Federer, injuries headline Australian Open

Roger Federer is the clear-cut favorite to win the Australian Open. But a depleted field could benefit American Andy Roddick.

Updated: January 27, 2006, 10:27 AM ET
By Brad Gilbert | Special to ESPN.com

Everything begins and ends in the same thought: Roger Federer.

He is such a dominant No. 1 right now, similar to the days when women like Martina Navratilova, Chris Evert, Steffi Graf or Monica Seles dominated. Every time Federer plays it's like he's a three-touchdown favorite.

One of Federer's four losses in 2005 came at the Australian Open.

We haven't seen the likes of this on the men's side in a long, long time. Pete Sampras was an incredible No. 1, but he would still lose every so often in the small tournaments. Federer is on a tremendous run (winning six of the last 10 Grand Slam events), and he's pacing himself tremendously well by not overplaying. He's really peaking for each of the majors. So he obviously goes into the Australian Open as the huge favorite to win.

Now, with all of the injuries, there's a cloud of uncertainty for the rest of the men's field. It's a crushing blow to the men's side that Andre Agassi and Rafael Nadal are out of the tournament, because I expected both to be able to challenge Federer. Nadal brings such excitement and personality to the court -- plus, he's my favorite player to watch. Defending champion Marat Safin, who beat Federer in the semifinals last year, withdrew Tuesday because of tendinitis in his right knee. Federer doesn't need any help to begin with, and with Agassi and Nadal out, it really lessens the men's field.

The absence of Agassi and Nadal is a huge benefit for Andy Roddick, because he will now be the No. 2 seed and on the opposite side of the bracket from Federer. His game is well-suited for Australia and we could be looking at a Roddick-Federer final.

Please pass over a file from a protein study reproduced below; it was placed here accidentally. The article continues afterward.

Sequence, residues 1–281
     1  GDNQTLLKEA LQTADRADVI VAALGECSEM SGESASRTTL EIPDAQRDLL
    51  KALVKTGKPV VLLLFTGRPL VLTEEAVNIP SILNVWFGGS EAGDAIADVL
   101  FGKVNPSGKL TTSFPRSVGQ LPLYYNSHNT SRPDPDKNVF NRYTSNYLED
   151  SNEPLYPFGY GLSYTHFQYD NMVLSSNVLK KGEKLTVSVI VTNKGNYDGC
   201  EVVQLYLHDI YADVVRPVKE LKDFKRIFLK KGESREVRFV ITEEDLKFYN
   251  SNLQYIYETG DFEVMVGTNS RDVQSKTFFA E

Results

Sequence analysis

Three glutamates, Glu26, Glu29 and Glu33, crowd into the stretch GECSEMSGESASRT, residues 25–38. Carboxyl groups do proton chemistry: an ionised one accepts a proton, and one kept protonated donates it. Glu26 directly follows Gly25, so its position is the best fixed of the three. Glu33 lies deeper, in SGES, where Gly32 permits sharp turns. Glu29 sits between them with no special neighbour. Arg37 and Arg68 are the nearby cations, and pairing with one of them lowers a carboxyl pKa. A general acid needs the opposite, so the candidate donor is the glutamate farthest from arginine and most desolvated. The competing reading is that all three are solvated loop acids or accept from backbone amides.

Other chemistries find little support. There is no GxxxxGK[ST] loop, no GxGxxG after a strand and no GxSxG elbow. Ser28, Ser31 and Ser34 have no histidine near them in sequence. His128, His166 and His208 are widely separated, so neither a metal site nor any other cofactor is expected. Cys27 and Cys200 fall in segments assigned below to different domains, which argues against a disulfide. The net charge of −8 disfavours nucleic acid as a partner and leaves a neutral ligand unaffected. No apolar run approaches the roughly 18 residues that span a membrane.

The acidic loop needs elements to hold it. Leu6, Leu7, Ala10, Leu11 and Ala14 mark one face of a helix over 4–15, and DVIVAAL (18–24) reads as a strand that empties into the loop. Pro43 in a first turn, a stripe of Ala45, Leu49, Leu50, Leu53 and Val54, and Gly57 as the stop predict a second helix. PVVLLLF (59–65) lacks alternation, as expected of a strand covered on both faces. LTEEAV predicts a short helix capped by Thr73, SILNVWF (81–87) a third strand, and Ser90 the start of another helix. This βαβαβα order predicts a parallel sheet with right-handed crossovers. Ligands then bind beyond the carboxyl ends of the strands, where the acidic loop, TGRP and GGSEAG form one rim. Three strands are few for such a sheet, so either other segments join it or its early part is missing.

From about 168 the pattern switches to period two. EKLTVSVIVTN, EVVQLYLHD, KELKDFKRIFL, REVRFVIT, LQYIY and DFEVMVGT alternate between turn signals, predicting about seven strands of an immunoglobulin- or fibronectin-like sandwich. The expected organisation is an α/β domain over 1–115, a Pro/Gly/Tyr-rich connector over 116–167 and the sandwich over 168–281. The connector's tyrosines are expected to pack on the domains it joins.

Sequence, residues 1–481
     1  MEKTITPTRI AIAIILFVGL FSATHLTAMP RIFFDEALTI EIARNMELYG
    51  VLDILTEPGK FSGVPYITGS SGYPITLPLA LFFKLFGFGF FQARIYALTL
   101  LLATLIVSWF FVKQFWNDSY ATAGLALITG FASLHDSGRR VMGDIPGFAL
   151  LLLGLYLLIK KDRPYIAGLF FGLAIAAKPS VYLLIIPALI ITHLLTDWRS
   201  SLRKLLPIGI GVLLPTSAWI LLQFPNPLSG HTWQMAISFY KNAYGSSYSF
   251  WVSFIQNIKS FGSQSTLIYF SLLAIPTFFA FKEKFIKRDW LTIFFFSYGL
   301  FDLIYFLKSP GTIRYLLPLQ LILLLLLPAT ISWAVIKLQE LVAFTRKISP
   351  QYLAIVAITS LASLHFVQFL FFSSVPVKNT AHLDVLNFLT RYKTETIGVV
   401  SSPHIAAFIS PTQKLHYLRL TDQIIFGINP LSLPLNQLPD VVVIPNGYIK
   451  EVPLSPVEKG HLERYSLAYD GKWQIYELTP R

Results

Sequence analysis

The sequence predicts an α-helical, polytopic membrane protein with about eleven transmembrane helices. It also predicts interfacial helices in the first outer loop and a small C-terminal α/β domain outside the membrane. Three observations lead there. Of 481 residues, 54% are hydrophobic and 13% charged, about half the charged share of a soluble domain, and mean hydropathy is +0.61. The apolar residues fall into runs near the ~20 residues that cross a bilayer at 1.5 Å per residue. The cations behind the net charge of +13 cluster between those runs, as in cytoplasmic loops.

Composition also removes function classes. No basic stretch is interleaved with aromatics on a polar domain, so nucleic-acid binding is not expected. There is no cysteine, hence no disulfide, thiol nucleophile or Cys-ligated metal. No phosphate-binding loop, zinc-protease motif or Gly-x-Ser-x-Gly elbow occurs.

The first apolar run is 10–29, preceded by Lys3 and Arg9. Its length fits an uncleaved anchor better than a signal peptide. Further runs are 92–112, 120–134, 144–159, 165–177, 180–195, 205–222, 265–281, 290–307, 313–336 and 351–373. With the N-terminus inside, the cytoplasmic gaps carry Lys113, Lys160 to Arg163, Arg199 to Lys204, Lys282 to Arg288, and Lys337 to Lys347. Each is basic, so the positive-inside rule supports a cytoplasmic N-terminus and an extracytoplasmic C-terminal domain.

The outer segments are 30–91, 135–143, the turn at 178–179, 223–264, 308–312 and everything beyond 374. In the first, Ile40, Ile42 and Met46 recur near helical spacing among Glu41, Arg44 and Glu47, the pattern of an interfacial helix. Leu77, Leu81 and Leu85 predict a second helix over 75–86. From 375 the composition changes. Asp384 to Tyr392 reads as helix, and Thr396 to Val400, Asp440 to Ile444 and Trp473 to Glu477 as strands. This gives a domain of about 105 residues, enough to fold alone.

Roddick has the monster weapon (his serve) and when the courts are hot, his game plays quite a bit faster. (Federer always says he likes the court slower.) When the surface is faster, it makes Roddick's serve that much harder to break. The fans wanted to see Roddick and Federer become a rivalry, but considering Federer has won 10 of 11 matches against Roddick, it's pretty lopsided.

Andy Roddick
AP PhotoInjuries to Agassi and Nadal means Roddick won't have to face Federer until the final.
If Roddick can win in a big match over Federer, it will turn his career around. That's what he needs more than anything to jump-start his career. And if he can get one against Federer at a Grand Slam, that will take his game to another level. Of the four majors, the best chance Roddick has against Federer is in Australia. (If Roddick is the No. 2 seed, the only time he can play Federer is in finals.)

Like Agassi, Roddick really prospers in 100-degree weather. He relishes it and for a lot of these players early in the year, coming from Europe, the hot weather doesn't agree with them as much. That could be another big advantage for Roddick.

Lleyton Hewitt will be scrappy and will probably be around as the tournament goes on. Tomas Berdych is one to watch and David Nalbandian can play well Down Under. The two young Frenchmen, Richard Gasquet and Gael Monfils, could make some noise and perhaps Andrew Murray as well. All of these young guys are worth watching, but I'll be shocked if, on the final weekend, you don't see Federer for the title.

Brad Gilbert, former top-5 player and former coach of Andre Agassi, is providing ESPN.com with analysis throughout the Australian Open. For more, log onto bradgilberttennis.com

Former player-turned coach and author Brad Gilbert is an analyst on ESPN's extensive schedule of tennis programming, including, since 2009, all four majors  the Australian Open, the French Open, Wimbledon and US Open. He joined ESPN in 2004 and serves as a studio analyst, match analyst and sideline reporter. After leaving to return to coaching rising star Andy Murray of Scotland in 2006, he came back to ESPN in 2008.